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Re: [ontolog-forum] mKR experiment

To: ontolog-forum@xxxxxxxxxxxxxxxx
From: John F Sowa <sowa@xxxxxxxxxxx>
Date: Tue, 15 Apr 2014 08:55:00 -0400
Message-id: <534D2C24.6040104@xxxxxxxxxxx>
On 4/15/2014 7:00 AM, Richard H. McCullough wrote:
> mKR version of ITOE Chapter 5 page now available at
> http://mkrmke.org/test/itoe.chapter5.mkr.html    (01)

Thank you for making the effort to demonstrate what can be done
with the mkr notation at its present level of development.
Following is my brief assessment:    (02)

  1. The overwhelming majority of the terms and phrases in it are
     English words with an English-based syntax.  There is no formal
     foundation (i.e., some version of logic) for representing their
     semantics or doing detailed reasoning with them and about them.    (03)

  2. But mkr does some reorganization of the source text, and it
     highlights certain aspects of the original text.  In that regard,
     it can be loosely compared to controlled natural languages (CNLs)
     and to markup languages in the *ML family (GML, SGML, HTML, XML).    (04)

  3. Trying to paste a formal semantics on mkr would take a huge amount
     of work, and half a century of very hard work has already gone into
     designing and implementing such notations and the supporting tools.
     There is no way that mkr can even *begin* to compete with them.    (05)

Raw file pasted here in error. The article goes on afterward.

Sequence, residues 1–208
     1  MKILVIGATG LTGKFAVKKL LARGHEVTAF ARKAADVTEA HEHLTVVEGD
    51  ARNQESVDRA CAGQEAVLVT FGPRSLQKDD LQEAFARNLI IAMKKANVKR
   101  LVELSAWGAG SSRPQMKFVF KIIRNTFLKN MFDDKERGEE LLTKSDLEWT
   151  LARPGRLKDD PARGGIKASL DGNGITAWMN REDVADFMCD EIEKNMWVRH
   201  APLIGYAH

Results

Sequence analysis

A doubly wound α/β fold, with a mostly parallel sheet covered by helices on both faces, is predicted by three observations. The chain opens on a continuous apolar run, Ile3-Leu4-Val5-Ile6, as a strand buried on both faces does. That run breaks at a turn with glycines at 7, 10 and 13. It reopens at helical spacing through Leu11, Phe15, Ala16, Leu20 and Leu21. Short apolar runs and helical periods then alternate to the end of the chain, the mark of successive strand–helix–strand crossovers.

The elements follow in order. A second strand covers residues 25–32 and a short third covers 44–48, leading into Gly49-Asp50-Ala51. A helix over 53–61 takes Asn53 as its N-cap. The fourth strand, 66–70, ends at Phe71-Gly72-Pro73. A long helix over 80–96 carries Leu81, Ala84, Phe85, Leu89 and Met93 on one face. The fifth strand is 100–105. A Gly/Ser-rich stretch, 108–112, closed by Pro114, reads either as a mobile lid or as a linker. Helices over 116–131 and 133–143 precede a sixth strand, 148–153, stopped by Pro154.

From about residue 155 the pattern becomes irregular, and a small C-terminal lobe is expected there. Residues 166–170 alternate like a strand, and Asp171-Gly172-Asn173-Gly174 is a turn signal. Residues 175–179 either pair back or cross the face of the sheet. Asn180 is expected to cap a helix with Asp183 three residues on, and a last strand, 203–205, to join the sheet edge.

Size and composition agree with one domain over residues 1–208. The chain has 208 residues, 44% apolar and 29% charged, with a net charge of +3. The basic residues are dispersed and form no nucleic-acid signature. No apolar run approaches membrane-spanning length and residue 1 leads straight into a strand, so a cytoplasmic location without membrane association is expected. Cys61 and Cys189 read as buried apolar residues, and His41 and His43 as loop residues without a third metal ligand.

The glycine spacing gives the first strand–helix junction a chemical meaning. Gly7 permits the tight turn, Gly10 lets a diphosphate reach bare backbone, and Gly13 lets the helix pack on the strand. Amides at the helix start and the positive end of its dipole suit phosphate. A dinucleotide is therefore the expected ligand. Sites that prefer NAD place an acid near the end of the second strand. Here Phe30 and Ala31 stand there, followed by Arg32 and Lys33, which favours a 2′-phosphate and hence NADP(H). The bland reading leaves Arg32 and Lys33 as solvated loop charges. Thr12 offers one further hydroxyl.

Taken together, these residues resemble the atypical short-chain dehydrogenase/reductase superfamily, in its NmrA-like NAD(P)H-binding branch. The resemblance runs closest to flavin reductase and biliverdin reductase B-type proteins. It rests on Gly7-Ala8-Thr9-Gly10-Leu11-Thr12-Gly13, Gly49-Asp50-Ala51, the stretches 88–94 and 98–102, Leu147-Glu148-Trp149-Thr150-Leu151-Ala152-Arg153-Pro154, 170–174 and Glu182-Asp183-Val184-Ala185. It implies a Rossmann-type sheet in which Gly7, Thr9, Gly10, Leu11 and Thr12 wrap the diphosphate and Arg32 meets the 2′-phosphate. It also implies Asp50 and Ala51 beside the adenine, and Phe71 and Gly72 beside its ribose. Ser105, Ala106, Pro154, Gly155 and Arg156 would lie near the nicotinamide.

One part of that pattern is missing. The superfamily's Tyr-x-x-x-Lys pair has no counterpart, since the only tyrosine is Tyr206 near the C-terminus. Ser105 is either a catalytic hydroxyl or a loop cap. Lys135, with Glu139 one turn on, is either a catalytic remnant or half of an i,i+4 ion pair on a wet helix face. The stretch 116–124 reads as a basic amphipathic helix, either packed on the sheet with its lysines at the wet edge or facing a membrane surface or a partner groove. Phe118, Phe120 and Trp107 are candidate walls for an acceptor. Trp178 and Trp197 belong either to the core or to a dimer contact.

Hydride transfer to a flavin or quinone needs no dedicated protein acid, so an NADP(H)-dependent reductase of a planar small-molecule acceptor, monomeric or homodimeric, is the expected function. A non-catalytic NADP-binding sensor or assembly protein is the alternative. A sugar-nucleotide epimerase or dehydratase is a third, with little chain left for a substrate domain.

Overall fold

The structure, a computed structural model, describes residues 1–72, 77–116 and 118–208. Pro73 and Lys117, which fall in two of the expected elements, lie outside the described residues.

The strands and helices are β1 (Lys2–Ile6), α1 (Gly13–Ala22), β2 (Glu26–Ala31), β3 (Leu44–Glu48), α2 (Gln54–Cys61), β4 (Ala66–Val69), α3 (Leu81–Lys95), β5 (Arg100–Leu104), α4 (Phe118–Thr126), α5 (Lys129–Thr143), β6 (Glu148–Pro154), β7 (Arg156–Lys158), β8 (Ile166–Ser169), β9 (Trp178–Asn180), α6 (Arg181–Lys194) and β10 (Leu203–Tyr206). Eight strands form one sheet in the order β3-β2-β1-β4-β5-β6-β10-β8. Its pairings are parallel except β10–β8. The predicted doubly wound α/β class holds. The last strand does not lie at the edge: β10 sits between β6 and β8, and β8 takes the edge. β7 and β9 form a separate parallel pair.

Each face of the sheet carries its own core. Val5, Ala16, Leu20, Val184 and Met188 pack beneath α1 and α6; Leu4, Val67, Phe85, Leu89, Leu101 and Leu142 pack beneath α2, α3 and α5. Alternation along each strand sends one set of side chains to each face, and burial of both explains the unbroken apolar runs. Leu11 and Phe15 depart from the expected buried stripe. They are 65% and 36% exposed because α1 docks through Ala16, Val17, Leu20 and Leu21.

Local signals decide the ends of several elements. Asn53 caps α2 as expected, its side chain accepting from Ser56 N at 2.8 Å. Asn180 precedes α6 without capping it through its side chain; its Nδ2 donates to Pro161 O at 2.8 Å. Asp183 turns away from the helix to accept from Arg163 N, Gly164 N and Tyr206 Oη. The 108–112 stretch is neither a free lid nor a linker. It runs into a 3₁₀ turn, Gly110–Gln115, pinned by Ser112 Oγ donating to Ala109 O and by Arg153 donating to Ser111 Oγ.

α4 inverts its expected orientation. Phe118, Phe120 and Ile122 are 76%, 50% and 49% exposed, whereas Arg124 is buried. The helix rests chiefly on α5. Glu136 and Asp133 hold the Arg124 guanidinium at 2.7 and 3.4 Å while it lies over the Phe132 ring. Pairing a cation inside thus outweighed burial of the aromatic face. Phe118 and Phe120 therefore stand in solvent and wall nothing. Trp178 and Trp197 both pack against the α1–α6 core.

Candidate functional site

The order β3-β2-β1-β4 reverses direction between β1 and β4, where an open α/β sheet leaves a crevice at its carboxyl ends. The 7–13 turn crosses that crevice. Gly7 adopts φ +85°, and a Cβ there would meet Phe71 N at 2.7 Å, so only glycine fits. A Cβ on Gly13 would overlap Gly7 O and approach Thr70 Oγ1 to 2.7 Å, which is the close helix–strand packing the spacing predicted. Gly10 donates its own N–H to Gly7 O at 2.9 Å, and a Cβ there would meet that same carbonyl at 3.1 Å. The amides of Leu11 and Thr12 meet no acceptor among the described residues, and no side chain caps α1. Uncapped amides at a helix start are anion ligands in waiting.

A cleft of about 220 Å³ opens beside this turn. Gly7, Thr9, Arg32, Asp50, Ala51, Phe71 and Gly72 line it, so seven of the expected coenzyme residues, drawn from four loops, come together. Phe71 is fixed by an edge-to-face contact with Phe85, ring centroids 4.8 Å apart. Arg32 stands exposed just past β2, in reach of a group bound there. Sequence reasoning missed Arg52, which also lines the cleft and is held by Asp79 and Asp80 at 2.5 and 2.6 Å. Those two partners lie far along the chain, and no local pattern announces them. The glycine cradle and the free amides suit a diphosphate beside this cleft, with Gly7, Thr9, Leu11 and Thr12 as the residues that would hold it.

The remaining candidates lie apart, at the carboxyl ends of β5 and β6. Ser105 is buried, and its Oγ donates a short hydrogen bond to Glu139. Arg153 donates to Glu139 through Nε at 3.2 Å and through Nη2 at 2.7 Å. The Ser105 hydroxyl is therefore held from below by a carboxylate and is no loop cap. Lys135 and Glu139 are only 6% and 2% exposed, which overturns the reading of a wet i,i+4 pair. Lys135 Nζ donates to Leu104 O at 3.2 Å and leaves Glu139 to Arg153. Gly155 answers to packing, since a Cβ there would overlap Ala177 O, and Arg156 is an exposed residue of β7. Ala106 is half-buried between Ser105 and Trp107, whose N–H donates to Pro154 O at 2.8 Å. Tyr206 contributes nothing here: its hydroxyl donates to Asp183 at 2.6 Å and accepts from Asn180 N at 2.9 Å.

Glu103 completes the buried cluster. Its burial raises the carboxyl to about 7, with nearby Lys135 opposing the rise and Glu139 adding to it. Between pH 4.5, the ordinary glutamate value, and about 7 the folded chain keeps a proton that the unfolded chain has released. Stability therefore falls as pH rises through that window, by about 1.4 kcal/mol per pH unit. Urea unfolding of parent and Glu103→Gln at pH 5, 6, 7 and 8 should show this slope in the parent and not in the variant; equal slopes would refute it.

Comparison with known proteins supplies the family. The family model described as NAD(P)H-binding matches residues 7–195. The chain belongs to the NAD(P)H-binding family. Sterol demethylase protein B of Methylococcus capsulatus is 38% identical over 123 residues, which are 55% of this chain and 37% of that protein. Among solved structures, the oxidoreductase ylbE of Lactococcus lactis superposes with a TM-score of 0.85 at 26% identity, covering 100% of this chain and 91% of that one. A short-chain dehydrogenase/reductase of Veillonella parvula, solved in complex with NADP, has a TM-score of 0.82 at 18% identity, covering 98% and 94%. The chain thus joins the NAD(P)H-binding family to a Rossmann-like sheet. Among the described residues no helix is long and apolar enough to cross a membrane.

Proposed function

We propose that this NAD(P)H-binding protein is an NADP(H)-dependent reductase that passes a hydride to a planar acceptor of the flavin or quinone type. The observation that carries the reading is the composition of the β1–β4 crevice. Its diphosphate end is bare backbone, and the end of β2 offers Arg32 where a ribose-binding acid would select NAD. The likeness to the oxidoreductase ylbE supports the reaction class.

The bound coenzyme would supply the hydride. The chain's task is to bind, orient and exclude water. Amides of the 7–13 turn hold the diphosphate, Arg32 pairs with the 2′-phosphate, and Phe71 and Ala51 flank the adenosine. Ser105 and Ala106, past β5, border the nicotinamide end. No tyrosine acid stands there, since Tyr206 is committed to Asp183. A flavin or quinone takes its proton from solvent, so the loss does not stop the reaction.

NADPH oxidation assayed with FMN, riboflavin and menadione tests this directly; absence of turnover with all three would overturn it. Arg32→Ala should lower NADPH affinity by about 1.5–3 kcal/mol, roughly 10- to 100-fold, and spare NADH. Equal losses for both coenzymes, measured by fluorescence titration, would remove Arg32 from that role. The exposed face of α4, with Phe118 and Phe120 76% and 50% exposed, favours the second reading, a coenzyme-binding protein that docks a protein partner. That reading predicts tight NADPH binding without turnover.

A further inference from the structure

4. However, there is a huge gap between English texts and formalisms
     along the lines of #3.  Many notations, such as UML diagrams,
     Topic Maps, Concept Maps, CNLs, and supporting tools have been
     implemented to fill the gap.  But more work needs to be done.    (06)

  5. The people working on #2, #3, and #4 have invested thousands of
     person years -- person millennia -- on their systems.  None of them
     will replace their systems with yours.  But if you can't beat them,
     join them.  Find out what they've done, and offer to help integrate
     your tools into their framework.    (07)

  6. When you find groups that are receptive, work with them.  Use their
     blogs and collaboration tools.  And recognize that your notation
     is -- at best -- a supplement to theirs.  It *won't* replace them.
     But if you integrate your tools with their framework, you might be
     able to make a useful contribution.    (08)

  7. But most of all, do not -- repeat **NOT** -- attempt to use Ontolog
     Forum as a tool for collaboration.  It is primarily an email list
     for announcements and brief discussions.  Most subscribers regard
     your notes as SPAM.  Their opinion of you goes *down* with every
     note you send.    (09)

Suggestion:  Your primary goal should be to find some group you can work
with usefully.  Before sending *any* notes to Ontolog Forum (not even a
response to this one), do some searching for the terms mentioned above:
"controlled natural language", "topic maps", "document annotation", and 
"concept maps".  Think about how your tools could fit with theirs.    (010)

Spend at least *one week* searching the web and thinking about those
tools.  If you have any questions about them, do *not* send them to
Ontolog Forum.  Instead, send them to the people who developed those
tools.    (011)

Finally -- *after* April 21 -- send *one note* to Ontolog Forum.
Report your new plans for the future, and ask for *offline* suggestions
about how to pursue them.  As you develop your new collaborations, it
would be OK to send one note *per month* about your progress.    (012)

Goodbye and good luck,    (013)

John    (014)

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